However, it is unlikely that the mishandling of patient information will be deemed medical malpractice. Malpractice refers to the incorrect treatment of patients by a medical practitioner.

This can be improper, negligent, or illegal professional activity, but it applies to the clinician rather than the hospital or practice, unless the practice is aware of the malpractice and does nothing to stop the clinician.

Responsibility for Patient Information

Electronically stored information is already fairly standard in most medical practices. Even without an EMR, it is likely that you keep all client details on a computer and even use the system for scheduling and other routine tasks.

However, it is also likely that the program and system that the information is stored on is not accessible from the Internet. The difference with most modern and effective EMR systems is that you will be able to access sensitive patient information from anywhere, as long as you have a mobile device and an Internet connection.

It is the responsibility of the practice to protect delicate and personal patient information. If that information is stolen or accessible by individuals who are not authorized to view patient information, the practice must demonstrate that all reasonable precautions were taken to avoid the problem or they will be liable for negligence.

Malpractice and Negligence

If a clinician willfully misuses the EMR, it may be considered malpractice and negligence and if practice management are aware of the misuse, the practice may also be liable for malpractice.

malpractice and negligence definedHowever, the primary concern for clinicians as well as practice management is the potential for malpractice and negligence within the new system and during the process of transitioning from paper to electronic medical records.


Not only are the clinicians and practice liable for negligence if there is a leak of information, but they are also responsible for providing the necessary documentation to determine guilt or innocence.

If the practice believes that necessary malpractice and negligence precautions were taken, they must also demonstrate that those precautions were taken. It is on the charged party to prove there is no cause for a legal suit.

Physical Therapy Marketing: Identifying and Contracting With the Best Payers

Physical Therapy Marketing: Identifying and Contracting With the Best Payers

Searching for the best insurance companies maybe hard to find, but it doesn’t mean that they do not exist. NItin Chhoda exposes simple techniques on how to identify and contract with the best payers so that your practice will have continuous income.

physical therapy marketing identificationA huge decision that will need to be made by the private practice managers and owners, that will affect physical therapy marketingis determining which insurance companies to work with.

The process of establishing relationships with insurance companies can be exhausting and time consuming.

The last thing that a business and physical therapy marketing manager wants to do is find out that the insurance companies they work with are bad payers. So how can you find the best payers?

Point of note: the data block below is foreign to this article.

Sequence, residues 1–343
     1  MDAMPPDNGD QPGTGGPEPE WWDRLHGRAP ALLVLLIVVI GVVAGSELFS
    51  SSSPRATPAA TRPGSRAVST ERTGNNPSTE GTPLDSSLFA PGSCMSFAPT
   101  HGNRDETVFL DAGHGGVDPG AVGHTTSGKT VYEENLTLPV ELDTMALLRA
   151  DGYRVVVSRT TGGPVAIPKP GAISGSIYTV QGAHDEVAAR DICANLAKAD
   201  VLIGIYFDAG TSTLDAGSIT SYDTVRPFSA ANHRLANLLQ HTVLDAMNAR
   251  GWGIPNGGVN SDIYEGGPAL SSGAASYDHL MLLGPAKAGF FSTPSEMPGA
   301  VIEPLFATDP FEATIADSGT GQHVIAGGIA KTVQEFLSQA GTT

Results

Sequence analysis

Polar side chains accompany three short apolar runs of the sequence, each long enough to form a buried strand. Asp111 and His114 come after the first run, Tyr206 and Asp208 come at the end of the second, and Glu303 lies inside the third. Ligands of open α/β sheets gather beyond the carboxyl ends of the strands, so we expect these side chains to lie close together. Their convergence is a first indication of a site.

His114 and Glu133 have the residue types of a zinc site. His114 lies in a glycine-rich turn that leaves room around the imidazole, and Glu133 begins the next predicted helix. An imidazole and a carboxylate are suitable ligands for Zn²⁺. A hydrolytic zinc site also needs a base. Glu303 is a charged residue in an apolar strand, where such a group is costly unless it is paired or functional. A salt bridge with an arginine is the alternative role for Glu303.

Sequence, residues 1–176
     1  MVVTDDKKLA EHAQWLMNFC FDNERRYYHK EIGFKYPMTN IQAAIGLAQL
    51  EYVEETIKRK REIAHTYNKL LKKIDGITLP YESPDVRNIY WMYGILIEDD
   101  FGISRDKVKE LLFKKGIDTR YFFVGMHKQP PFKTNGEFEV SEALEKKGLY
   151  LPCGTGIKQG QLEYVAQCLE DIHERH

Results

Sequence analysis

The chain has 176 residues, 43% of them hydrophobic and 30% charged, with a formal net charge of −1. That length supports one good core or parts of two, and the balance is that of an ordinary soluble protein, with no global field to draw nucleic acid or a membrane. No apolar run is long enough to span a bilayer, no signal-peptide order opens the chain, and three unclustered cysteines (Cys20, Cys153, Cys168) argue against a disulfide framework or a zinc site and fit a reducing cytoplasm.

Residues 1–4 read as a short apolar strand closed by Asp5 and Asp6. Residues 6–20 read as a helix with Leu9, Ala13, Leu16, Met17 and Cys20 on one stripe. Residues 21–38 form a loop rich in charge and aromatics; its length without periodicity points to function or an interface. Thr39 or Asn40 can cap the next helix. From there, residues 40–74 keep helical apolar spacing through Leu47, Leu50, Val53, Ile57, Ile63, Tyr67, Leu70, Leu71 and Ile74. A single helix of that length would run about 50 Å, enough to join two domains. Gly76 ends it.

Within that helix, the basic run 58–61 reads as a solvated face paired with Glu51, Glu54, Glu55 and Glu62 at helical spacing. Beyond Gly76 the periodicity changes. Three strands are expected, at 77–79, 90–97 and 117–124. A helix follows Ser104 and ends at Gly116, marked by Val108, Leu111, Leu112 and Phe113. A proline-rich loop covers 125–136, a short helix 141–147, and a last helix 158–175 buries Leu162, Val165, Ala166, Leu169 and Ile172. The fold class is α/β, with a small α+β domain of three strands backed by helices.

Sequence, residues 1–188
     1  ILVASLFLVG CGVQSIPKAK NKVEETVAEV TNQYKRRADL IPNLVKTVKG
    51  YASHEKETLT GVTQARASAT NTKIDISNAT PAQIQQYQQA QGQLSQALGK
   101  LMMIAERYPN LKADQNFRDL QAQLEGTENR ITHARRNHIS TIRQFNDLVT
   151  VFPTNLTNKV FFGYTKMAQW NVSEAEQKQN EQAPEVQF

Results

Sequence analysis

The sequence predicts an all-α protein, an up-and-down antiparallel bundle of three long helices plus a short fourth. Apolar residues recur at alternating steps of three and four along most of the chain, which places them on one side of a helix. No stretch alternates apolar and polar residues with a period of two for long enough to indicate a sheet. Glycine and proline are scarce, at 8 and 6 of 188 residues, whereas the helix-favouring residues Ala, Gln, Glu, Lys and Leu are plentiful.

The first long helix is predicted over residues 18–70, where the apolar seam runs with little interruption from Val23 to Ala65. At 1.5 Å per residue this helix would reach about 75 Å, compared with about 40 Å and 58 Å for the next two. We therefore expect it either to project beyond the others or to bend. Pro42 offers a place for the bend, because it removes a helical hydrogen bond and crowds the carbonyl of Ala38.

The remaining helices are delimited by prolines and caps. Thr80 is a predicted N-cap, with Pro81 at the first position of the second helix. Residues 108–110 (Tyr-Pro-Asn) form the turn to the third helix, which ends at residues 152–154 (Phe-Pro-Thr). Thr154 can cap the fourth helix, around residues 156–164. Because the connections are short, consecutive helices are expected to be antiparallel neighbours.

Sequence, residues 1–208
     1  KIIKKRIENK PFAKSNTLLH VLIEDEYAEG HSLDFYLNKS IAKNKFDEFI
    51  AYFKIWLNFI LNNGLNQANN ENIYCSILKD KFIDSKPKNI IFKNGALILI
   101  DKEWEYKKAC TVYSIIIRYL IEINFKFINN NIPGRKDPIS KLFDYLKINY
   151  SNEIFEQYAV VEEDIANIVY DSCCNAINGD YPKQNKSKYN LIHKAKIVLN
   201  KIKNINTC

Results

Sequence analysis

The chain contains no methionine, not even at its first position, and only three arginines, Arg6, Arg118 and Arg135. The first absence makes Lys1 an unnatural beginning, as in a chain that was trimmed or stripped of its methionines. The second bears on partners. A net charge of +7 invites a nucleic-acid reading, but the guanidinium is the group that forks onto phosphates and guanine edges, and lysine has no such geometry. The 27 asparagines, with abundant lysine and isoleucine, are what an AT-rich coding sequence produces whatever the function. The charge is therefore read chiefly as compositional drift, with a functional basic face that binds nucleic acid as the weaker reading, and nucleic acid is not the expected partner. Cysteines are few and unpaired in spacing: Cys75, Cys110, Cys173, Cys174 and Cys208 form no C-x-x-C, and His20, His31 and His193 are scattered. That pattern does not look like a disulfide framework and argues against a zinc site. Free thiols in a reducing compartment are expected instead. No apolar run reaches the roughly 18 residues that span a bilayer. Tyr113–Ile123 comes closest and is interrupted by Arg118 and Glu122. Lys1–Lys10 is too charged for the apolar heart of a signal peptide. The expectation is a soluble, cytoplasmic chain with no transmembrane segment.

Communication is Everything

When you start to look into insurance companies for your physical therapy marketing plan to work with, the first thing you will do is get in touch and find out how to negotiate a payment schedule and the rest of the details you’ll both need for the relationship to work.

Some insurance companies will essentially send your business through a completely automated physical therapy marketing system, lining you up with alongside everyone else who comes to them. You could never even have a conversation with a human before entering into a contract.

This kind of induction process is a red flag. If they don’t want to talk to you now, they are not going to want to talk to you when you are having trouble with a rejected or denied claim.

Build a Good Relationship

As a practice owner, you need to work your physical therapy marketing plan with companies that want to build a relationship with you. You want to have a conversation about their pricing allowances and you want them to hear your rates before agreeing to pay your claims.

It’s likely that you’ll run into a lot of insurance payers who are expecting and hoping to reject or deny as many claims as they can. If they are not even willing to communicate with your physical therapy services about how the process will work, you can bet that they will never pay a claim without a battle.

One of the ways that these companies make money is by wearing down the people who try to collect from them with a lack of communication and rejection after rejection.

Keep Tabs and Don’t be Shy

You may be able to avoid some of the worst offenders, but it’s likely that even some of the friendlier companies will treat you the same way as the bad ones. The best way to improve in your physical therapy marketing is to keep track of what has been happening.

Make sure that your physical therapy marketing strategies and medical billers know how to track the claims with each company and notify you if a particular company is bad at paying their bills. A particularly high rate of rejections and denials from one company out of a few may signal that it’s time to drop that company.

physical therapy marketing best payersDo Not Be Afraid to Take Risks

You don’t even have to do it all at once. Many practices are hesitant because they don’t want to drop patients just because their insurance company has some bad paying practices.

That’s probably a good physical therapy marketing  idea. But as you go, don’t be afraid to stop taking new patients with that insurance policy. If the insurance company doesn’t pay, you shouldn’t take the risk.